Panama City: It’s been eight months since Hurricane Michael ripped through the state’s Panhandle, but an effort to help victims is continuing. The News Herald reports local organizations have taken over for FEMA at the Community Recovery Center, offering medical and dental help and guiding victims of the October storm to the appropriate resources. A mobile medical truck is expected to stop at the center every Monday afternoon through the summer. Nurse practitioner Denise Miller says the offer a sliding scale base for people who don’t have insurance. Jo Shaffer, a site administrator for Doorways of Northwest Florida, says the group is in charge of data management at the center. If workers see someone needs something, they find a way to help. She says they connect with agencies like Catholic Charities.
Atlanta: A fundraising bash honoring the 90th birthday of philanthropist Bernie Marcus, one of Home Depot’s founders, has raised more than $117 million for Georgia charities. The Atlanta Journal-Constitution reports Sunday’s star-studded gathering at the Atlanta Aquarium, which Marcus built, quickly raised $102 million in pledges. Arthur Blank, another founder of Home Depot and an owner of the Atlanta Falcons and Atlanta United of the MLS, contributed an additional $15 million. The event drew hundreds, including Gov. Brian Kemp and Mayor Keisha Lance Bottoms. The paper says the funds will support charities including the Grady Health System’s Marcus Stroke & Neuroscience Center and the Marcus Autism Center in Atlanta. Home Depot is Georgia’s largest public company based on revenue, according to the newspaper.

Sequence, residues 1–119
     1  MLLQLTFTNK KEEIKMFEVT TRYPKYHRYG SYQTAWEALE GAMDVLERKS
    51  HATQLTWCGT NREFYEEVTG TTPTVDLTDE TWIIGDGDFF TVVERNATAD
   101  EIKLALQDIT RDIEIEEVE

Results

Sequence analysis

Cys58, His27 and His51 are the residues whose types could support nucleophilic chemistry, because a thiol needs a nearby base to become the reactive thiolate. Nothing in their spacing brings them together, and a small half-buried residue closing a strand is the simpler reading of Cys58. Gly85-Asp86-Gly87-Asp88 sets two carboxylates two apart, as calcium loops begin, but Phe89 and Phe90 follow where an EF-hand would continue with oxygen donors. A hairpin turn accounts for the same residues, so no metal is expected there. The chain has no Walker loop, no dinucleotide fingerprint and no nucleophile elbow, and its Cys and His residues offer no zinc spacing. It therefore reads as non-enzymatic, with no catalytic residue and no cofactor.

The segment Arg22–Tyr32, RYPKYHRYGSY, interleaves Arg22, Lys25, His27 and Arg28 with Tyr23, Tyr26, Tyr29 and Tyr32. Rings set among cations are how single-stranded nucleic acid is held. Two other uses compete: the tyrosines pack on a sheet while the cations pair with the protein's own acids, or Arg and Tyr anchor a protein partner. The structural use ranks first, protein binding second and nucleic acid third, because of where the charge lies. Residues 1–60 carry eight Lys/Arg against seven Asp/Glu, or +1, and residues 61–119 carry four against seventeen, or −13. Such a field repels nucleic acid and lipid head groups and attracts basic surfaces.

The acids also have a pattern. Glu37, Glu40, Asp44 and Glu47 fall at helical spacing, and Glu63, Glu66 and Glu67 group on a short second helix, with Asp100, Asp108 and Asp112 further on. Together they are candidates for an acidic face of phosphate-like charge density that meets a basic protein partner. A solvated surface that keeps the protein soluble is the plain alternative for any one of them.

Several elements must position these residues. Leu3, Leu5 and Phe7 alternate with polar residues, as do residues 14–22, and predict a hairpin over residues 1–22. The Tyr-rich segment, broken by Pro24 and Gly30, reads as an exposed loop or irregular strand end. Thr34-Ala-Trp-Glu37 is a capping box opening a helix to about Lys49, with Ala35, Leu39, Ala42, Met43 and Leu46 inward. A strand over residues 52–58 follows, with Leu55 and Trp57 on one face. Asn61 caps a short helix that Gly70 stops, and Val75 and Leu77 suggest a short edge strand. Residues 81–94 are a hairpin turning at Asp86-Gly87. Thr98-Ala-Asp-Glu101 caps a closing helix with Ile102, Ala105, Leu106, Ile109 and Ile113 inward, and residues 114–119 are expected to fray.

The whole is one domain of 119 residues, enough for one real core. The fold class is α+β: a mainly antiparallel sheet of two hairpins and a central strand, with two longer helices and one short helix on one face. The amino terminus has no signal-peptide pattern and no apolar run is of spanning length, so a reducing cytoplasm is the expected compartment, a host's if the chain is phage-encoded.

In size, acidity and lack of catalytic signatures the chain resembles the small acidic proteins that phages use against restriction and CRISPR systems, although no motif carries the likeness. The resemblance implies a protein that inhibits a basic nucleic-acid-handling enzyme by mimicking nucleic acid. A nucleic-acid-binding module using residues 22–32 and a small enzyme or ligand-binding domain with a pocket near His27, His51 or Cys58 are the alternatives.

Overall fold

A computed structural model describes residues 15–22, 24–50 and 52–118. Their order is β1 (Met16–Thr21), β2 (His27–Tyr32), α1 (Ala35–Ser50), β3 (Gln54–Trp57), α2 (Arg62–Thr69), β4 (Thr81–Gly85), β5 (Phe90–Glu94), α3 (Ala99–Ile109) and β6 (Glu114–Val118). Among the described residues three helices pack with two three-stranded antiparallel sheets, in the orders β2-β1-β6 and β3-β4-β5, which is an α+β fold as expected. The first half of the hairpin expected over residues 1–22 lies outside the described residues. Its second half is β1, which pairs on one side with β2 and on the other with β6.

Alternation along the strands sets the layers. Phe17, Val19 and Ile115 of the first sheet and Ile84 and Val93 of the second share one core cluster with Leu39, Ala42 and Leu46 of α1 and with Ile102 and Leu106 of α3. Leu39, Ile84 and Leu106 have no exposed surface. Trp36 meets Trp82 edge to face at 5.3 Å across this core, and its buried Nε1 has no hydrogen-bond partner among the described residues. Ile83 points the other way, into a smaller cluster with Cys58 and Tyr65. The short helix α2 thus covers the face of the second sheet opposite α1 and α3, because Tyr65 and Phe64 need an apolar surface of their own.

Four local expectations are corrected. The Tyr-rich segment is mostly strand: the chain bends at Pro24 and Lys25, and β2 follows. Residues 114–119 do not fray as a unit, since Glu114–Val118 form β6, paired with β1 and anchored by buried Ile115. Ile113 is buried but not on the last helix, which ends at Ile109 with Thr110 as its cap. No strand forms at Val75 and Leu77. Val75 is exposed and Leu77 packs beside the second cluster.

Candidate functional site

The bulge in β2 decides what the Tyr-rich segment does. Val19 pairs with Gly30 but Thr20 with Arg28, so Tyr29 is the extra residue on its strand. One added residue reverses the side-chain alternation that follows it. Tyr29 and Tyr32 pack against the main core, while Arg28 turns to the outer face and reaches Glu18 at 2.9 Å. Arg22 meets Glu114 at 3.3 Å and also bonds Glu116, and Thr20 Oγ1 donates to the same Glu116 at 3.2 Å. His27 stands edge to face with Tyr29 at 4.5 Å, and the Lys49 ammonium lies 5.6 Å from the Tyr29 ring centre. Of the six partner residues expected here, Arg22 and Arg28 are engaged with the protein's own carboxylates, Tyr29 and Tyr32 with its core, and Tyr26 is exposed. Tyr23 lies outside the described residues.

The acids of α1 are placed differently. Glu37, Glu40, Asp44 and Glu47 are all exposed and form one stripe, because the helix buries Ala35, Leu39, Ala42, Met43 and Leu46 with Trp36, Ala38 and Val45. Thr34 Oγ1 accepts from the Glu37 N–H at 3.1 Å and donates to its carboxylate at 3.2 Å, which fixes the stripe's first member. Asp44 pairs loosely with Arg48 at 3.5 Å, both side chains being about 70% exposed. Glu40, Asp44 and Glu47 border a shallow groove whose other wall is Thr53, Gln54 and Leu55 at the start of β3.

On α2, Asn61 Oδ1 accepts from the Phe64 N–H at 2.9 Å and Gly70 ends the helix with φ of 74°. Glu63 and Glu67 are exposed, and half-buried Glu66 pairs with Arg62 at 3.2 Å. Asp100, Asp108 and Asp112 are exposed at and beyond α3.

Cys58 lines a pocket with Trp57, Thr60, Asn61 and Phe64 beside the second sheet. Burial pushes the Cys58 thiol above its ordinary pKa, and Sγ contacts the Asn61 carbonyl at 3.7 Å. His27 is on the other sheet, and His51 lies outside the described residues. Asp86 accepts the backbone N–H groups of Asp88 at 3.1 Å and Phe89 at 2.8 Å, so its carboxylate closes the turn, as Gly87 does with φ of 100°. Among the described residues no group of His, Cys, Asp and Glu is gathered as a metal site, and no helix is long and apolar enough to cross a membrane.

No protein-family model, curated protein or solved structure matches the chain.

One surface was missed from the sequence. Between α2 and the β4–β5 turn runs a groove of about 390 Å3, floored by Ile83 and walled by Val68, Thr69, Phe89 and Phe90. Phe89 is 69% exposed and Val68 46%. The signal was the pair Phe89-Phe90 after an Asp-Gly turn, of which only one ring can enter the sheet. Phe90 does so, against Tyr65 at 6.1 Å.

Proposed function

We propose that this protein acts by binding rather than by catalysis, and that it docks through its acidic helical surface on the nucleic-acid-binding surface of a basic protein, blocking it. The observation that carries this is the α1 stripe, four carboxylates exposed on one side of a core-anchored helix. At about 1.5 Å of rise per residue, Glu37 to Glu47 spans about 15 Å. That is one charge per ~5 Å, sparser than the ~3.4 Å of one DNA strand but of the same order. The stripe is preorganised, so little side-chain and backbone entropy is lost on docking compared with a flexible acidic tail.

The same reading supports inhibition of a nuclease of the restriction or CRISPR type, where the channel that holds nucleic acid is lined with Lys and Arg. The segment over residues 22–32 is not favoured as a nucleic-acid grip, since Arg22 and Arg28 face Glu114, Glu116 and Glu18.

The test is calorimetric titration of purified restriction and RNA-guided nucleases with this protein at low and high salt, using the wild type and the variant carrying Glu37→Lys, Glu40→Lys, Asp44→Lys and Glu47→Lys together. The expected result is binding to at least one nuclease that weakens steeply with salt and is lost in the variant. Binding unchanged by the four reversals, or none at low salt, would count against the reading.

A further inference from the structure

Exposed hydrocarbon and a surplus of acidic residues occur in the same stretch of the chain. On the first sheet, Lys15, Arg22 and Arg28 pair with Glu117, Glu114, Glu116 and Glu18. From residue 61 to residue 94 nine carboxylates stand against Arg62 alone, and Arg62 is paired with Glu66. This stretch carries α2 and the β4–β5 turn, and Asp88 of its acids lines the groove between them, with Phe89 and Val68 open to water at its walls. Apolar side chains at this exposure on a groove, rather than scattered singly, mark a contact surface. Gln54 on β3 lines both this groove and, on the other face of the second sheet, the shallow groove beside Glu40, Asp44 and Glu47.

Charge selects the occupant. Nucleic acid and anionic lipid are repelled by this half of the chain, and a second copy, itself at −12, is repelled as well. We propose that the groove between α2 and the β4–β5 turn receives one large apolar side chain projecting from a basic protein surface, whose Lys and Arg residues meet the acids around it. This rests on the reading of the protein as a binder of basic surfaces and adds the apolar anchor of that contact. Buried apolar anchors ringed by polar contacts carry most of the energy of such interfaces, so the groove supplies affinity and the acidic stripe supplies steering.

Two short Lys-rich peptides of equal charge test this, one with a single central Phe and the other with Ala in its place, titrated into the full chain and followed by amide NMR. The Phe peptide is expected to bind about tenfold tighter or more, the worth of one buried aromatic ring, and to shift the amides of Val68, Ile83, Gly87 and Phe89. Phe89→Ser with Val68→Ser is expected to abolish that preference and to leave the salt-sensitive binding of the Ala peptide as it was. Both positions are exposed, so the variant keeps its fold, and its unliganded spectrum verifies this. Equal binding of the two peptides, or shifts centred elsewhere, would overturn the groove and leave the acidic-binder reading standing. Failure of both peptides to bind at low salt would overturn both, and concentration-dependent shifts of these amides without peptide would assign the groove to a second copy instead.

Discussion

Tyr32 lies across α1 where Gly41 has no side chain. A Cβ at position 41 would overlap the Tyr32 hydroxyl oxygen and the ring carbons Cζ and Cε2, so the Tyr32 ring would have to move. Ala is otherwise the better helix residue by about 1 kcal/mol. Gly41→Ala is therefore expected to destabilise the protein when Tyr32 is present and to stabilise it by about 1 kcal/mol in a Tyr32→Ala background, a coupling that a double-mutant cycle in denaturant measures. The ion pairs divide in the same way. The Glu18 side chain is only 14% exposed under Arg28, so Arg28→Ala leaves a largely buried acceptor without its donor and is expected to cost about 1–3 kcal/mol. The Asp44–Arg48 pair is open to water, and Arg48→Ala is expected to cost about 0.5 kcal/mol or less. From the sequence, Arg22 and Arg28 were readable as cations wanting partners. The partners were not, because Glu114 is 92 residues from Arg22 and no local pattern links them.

Sunrise at iconic Waikiki Beach, with Diamond Head in the distance. (Photo: Dawn Gilbertson, USA TODAY)
Honolulu: The state budget passed by the Legislature includes funding for repairs at Waikiki Beach, officials say. Lawmakers approved about $13 million for improvements to the crumbling Royal Hawaiian seawall and other man-made structures at the state’s most visited beach, The Honolulu Star-Advertiser reports. “This is the largest appropriation for beach improvements on Oahu in recent memory. It allows us to move forward on several projects that have been discussed on and off for decades,” says Dolan Eversole of the University of Hawaii. The $13 million is sufficient to shore up the Royal Hawaiian seawall between the Waikiki Sheraton and Royal Hawaiian hotels and return a seawall to Kuhio Beach – structures officials say have been failing for years. Waikiki’s overhaul is scheduled to start by early fall.